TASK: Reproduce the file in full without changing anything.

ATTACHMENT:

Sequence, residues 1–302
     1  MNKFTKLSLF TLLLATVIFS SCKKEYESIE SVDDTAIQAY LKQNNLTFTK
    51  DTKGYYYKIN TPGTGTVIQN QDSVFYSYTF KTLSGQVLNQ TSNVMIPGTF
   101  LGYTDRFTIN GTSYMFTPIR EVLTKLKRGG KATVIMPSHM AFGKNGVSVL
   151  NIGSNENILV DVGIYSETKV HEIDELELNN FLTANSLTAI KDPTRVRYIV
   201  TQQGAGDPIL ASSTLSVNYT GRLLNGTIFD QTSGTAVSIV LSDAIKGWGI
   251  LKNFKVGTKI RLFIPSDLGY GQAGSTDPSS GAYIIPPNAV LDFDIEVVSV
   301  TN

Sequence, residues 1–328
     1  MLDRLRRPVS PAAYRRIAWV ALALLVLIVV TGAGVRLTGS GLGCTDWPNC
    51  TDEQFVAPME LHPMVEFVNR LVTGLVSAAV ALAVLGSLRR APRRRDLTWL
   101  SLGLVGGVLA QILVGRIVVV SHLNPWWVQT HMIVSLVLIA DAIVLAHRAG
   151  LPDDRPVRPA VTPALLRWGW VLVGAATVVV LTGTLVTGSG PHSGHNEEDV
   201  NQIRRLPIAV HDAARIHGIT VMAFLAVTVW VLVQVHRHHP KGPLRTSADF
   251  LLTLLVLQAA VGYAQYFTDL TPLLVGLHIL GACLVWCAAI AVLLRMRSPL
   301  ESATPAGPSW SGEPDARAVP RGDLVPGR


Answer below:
Sequence, residues 1–302
     1  MNKFTKLSLF TLLLATVIFS SCKKEYESIE SVDDTAIQAY LKQNNLTFTK
    51  DTKGYYYKIN TPGTGTVIQN QDSVFYSYTF KTLSGQVLNQ TSNVMIPGTF
   101  LGYTDRFTIN GTSYMFTPIR EVLTKLKRGG KATVIMPSHM AFGKNGVSVL
   151  NIGSNENILV DVGIYSETKV HEIDELELNN FLTANSLTAI KDPTRVRYIV
   201  TQQGAGDPIL ASSTLSVNYT GRLLNGTIFD QTSGTAVSIV LSDAIKGWGI
   251  LKNFKVGTKI RLFIPSDLGY GQAGSTDPSS GAYIIPPNAV LDFDIEVVSV
   301  TN

Sequence, residues 1–328
     1  MLDRLRRPVS PAAYRRIAWV ALALLVLIVV TGAGVRLTGS GLGCTDWPNC
    51  TDEQFVAPME LHPMVEFVNR LVTGLVSAAV ALAVLGSLRR APRRRDLTWL
   101  SLGLVGGVLA QILVGRIVVV SHLNPWWVQT HMIVSLVLIA DAIVLAHRAG
   151  LPDDRPVRPA VTPALLRWGW VLVGAATVVV LTGTLVTGSG PHSGHNEEDV
   201  NQIRRLPIAV HDAARIHGIT VMAFLAVTVW VLVQVHRHHP KGPLRTSADF
   251  LLTLLVLQAA VGYAQYFTDL TPLLVGLHIL GACLVWCAAI AVLLRMRSPL
   301  ESATPAGPSW SGEPDARAVP RGDLVPGR